return !node->m_bSolid;
}

CLASSIFY a = m_vFaces[node->m_dFaceIndex].ClassifyPoint(start.x,start.y,start.z);
CLASSIFY b = m_vFaces[node->m_dFaceIndex].ClassifyPoint(end.x,end.y,end.z);

if(a == CP_COPLANAR && b == CP_COPLANAR)
return LineOfSight(start,end,node->m_pFront);

if(a == CP_INFRONT && b == CP_BEHIND)
{
m_vFaces[node->m_dFaceIndex].m_pPlane.GetIntersection(start,end,&intersect,NULL);
return LineOfSight(start,intersect,node->m_pFront) && LineOfSight(intersect,end,node->m_pBack);
}

if(a == CP_BEHIND && b == CP_INFRONT)
{
m_vFaces[node->m_dFaceIndex].m_pPlane.GetIntersection(start,end,&intersect,NULL);
return LineOfSight(start,intersect,node->m_pBack) && LineOfSight(intersect,end,node->m_pFront);
}

if(a == CP_INFRONT || b == CP_INFRONT)
{
return LineOfSight(start,end,node->m_pFront);
}
else
return LineOfSight(start,end,node->m_pBack);

// should never actually reach here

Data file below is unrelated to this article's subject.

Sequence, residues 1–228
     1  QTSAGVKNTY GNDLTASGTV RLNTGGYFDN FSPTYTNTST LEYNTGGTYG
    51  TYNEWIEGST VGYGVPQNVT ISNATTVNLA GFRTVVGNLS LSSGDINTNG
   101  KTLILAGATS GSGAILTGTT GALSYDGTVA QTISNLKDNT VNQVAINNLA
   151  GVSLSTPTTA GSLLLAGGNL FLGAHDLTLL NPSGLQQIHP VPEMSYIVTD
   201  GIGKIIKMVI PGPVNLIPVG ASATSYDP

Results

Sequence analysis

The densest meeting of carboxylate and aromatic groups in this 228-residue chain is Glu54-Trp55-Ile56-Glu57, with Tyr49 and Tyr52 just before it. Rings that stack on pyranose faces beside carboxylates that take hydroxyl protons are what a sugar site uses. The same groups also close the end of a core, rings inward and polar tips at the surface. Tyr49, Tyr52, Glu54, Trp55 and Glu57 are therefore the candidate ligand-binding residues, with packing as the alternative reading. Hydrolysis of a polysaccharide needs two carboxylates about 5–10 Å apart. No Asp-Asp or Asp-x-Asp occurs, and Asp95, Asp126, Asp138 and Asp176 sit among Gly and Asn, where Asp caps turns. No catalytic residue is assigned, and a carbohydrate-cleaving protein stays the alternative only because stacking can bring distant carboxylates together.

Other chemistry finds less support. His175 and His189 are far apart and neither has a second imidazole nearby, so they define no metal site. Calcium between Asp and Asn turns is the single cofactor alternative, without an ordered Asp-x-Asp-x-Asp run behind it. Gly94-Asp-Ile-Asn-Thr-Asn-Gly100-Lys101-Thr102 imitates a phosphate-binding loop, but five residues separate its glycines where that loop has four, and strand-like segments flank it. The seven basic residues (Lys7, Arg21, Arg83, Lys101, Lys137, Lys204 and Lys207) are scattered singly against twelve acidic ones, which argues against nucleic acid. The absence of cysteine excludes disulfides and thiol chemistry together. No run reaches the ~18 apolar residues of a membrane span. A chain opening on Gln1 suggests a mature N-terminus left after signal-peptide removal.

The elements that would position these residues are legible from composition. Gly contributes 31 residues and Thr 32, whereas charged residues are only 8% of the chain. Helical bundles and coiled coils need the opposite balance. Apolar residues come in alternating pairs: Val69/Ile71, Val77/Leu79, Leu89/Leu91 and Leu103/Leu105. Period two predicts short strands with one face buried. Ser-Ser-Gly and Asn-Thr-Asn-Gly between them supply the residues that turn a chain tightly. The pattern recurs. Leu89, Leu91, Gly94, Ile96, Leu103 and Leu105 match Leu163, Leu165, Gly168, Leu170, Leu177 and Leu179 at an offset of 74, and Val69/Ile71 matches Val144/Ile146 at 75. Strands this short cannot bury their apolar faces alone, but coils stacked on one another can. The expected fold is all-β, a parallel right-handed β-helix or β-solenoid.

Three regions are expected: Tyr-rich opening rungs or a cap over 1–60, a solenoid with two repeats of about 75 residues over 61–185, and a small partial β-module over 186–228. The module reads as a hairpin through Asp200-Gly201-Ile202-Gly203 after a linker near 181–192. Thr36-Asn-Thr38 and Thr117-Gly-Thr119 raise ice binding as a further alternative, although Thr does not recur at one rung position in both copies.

return true;
}


i have the original Mr. Gamemaker bsp articles (probably the most definitive source BSP''s and implementation) that i by chance downloaded off the net right before they were taken down and turned into a commercial article. i''d be glad to send them to you, but i''d need to be reassured if thats legal. i don''t think there was a copy right on them when i downloaded them, but im still unsure.

feel free to ask questions on the code

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yeah, that would help. i think your code is for a node based tree (where the polys are stored in the individual nodes). i am using a leaf based tree, where convex groups of polys are stored in each leaf and only split plane info is stored in the nodes.

If thats so, it might explain why that made very little sense to me. Also, you seem to be using a solid node tree. I am not using that method either.

thanks anyway

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Guest Anonymous Poster
Can you make your BSP a leaf based tree, where you can just traverse it and tell whether the next point will be inside a solid node or not? Then all you need to do is classify the point you are moving into. If the point is inside a solid section of the BSP, don''t allow the move.

SpaceCowboy